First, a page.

Spending the Morning with Gram

gram mIt was a long time ago…sixty years ago, in fact, when I married( the first time).  It feels as though it was in another lifetime, but occasionally there is something..a momento that takes me back in time to that little village in Maine and the lovely people. One of my most cherished gifts was a recipe box filled with wonderful recipes for everything imaginable and they were all hand written and signed by the ladies of Locke Mills, Maine.

Over the years and sometimes bumpy road that’s been my life, the recipe box moved with me and now and then, I’d pull out a recipe, see the name and sigh because that lady was no longer with us, but her contribution lived on.

And so it was this morning when the urge and , yes, need arose for me to bake. I have so many cookbooks that I am ashamed to admit I could have a library of those alone. There are stacks of printed recipes from the internet. Yet, I dragged out the little box and started going through them. That is when I spotted my Gram’s handwriting. A blueberry cake! Hmm. Very neatly on the back was written in beautiful script “Nellie Martin”.

There was Gram reaching as far as she could to get the last berry from the high wild blueberry bushes. On her kitchen counter was a big bowl of blueberries my Uncle Louis had brought home from his week of logging on Overset Mountain. She gathered all the ingredients on her kitchen table and began. Four cups of flour she sifted with cream of tartar and baking soda. I looked at the “four cups of flour” and thought …boy, that’s a lot of flour. It was then I noticed on the back at the bottom of the recipe was this admonishment “This makes a very big cake..”  Gram was still instructing me after all these years.

Gram went to the shed and brought in an armful of wood to stoke up the fire, her little blue sneakers just a humming over the kitchen floor. When the stove began to heat, she pushed her tiny black rimmed glasses up on her nose and said, “now stay there”.

So I labored on, recipe propped high. The four cups of flour, the cup of “sweet” milk, the cup of sugar( sugar must have been very dear as that did not seem like a lot of sugar in proportion to the other ingredients). Take the pint of blueberries and roll them around in the flour and dry goods. Well, Gram, all I had was a bag of frozen blueberries, so forgive me. If the cake looks horrid, no one will know but you and me and the squirrels will love it. Maybe.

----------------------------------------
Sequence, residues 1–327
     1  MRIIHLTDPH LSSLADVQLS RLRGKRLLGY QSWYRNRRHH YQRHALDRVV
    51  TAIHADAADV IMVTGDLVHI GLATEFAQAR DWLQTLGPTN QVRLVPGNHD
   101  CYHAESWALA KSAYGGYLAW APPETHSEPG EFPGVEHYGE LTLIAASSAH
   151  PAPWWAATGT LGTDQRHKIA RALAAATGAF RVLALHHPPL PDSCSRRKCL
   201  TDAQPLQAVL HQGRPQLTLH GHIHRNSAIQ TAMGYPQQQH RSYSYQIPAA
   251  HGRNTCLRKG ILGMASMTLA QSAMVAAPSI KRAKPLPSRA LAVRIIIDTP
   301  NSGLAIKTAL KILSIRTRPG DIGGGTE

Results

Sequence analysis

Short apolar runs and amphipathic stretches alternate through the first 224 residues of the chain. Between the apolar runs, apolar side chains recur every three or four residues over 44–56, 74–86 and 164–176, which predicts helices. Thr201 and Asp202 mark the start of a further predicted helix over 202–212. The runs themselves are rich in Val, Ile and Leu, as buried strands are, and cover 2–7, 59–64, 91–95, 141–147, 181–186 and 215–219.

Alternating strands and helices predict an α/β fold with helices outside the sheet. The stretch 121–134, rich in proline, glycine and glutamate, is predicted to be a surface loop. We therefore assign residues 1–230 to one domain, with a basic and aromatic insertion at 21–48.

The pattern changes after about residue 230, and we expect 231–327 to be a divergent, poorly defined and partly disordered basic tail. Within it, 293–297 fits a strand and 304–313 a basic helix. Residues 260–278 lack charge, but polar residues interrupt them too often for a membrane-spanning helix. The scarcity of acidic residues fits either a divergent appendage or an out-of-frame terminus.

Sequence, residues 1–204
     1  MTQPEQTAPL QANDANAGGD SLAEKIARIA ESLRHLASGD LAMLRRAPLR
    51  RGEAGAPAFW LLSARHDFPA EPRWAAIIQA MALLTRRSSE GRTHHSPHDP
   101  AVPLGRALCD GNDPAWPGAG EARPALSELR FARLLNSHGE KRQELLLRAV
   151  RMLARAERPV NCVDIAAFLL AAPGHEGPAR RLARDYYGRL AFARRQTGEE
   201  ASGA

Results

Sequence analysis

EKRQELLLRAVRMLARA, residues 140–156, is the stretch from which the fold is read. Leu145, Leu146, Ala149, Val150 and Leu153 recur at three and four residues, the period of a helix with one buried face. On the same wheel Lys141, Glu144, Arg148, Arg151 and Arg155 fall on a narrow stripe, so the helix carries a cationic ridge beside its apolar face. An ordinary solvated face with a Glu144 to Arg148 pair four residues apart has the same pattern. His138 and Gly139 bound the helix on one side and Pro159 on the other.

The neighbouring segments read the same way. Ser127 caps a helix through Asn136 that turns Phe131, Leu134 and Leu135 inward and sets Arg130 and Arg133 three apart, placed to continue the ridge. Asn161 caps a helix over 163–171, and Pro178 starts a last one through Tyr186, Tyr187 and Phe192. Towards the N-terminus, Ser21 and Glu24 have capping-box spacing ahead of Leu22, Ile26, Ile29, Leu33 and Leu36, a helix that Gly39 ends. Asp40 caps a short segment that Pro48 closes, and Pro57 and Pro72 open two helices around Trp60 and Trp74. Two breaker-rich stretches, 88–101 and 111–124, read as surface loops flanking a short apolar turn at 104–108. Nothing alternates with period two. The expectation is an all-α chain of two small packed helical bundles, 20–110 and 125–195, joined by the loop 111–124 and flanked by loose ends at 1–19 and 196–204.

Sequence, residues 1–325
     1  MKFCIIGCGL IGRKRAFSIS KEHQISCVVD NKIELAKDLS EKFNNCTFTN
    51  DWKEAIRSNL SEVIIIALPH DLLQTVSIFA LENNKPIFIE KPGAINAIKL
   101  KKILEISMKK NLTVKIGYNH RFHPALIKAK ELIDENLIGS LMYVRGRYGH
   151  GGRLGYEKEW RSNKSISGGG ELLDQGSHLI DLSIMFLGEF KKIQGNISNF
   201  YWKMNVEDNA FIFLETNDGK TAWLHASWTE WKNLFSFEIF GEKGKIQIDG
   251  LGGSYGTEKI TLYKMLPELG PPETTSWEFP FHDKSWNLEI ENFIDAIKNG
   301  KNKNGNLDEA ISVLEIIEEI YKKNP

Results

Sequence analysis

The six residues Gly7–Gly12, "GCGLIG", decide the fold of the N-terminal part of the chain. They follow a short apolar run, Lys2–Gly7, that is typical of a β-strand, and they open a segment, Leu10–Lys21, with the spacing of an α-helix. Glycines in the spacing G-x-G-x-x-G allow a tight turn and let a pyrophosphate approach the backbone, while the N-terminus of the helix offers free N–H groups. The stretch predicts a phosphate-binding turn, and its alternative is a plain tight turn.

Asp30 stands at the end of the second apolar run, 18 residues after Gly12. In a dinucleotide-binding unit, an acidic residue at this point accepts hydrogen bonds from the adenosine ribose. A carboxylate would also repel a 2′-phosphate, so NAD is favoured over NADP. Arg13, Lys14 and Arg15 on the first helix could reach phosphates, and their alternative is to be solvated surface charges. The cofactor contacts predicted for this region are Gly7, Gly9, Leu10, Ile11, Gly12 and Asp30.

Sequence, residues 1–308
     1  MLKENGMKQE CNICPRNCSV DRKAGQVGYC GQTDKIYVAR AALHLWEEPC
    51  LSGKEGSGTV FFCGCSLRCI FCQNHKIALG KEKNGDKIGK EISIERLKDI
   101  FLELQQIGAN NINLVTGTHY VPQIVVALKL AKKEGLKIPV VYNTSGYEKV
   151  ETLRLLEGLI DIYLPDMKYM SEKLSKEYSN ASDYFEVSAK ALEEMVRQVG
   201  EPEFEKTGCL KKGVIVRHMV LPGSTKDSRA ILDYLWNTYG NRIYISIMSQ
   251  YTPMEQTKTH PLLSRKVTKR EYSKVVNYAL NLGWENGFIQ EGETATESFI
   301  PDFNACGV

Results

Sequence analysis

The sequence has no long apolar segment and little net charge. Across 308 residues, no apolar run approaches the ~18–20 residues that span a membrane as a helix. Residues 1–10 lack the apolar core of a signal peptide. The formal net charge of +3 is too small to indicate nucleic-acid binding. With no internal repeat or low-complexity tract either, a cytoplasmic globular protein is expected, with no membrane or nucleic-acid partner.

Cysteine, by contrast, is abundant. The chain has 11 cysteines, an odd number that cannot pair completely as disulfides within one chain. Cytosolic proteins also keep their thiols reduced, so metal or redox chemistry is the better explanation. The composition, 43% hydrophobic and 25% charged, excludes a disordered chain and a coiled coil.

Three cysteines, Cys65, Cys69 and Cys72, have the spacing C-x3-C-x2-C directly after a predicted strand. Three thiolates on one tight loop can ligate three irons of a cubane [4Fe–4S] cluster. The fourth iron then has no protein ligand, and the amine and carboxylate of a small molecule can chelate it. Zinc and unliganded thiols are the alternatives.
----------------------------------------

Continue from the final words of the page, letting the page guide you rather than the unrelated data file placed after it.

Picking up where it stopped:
Everything mixed together and looking good. That is a lot of dough and as my Kitchen Aide whirled it around, I wondered aloud how Grammie ever mixed that by hand. I found the biggest cake pan in the house and pushed it in and leveled it off. Whoa! Wait! There is no oven temperature or time. Hmm. What to do? 

I remembered the gauge on Gram’s wood stove and when the needle pointed straight up, she always plopped her cookies or cakes in. That needle might have meant about 350 degrees. As for the time, that would be any one’s guess…at least I had a window to peek in the oven.

I peeked and I peeked some more. 35 minutes later, out came the cake…slightly brown and I drove a toothpick down the middle of this massive project. Came out slick as a whistle. 

Now that cake is a masterpiece, Gram. It is on the kitchen counter and yes, I sneaked a corner piece before it cooled. That is some good. Not as good as yours because you were smiling and filled it with lots of love before you chucked it in the oven.

It was great spending the morning with you, Gram.


One thought on “Spending the Morning with Gram

  1. professor seames says:

    It would be interesting to me to know who all the Ladies were of Locke’s mills maybe I need to come look through your box !


Leave a Reply

Fill in your details below or click an icon to log in:

WordPress.com Logo

You are commenting using your WordPress.com account. Log Out /  Change )

Google+ photo

You are commenting using your Google+ account. Log Out /  Change )

Twitter picture

You are commenting using your Twitter account. Log Out /  Change )

Facebook photo

You are commenting using your Facebook account. Log Out /  Change )


Connecting to %s